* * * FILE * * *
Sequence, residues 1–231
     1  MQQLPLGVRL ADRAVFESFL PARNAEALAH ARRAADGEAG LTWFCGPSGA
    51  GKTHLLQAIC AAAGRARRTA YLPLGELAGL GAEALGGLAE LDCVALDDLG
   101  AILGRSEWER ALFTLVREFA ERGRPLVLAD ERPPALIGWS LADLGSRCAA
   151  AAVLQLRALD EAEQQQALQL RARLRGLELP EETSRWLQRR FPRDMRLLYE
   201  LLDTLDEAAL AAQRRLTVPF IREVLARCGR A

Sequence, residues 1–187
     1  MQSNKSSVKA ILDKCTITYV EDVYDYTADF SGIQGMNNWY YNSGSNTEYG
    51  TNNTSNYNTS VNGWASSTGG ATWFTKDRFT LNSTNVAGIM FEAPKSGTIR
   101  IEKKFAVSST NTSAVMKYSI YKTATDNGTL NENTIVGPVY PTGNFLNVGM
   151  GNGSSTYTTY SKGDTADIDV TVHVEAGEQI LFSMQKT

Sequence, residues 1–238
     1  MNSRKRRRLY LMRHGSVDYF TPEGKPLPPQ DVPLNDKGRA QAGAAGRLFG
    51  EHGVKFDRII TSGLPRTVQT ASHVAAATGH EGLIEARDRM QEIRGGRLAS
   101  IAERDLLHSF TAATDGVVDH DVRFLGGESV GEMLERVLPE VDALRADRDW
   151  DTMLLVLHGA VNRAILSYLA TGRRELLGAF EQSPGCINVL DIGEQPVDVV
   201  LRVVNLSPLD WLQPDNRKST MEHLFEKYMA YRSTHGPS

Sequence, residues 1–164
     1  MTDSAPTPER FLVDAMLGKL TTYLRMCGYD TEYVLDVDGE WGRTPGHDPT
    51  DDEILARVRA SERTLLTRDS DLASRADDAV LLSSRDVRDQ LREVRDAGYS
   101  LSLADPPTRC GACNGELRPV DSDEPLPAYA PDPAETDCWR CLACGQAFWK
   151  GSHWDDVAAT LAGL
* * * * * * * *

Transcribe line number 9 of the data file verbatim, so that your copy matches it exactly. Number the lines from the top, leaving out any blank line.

    51  TNNTSNYNTS VNGWASSTGG ATWFTKDRFT LNSTNVAGIM FEAPKSGTIR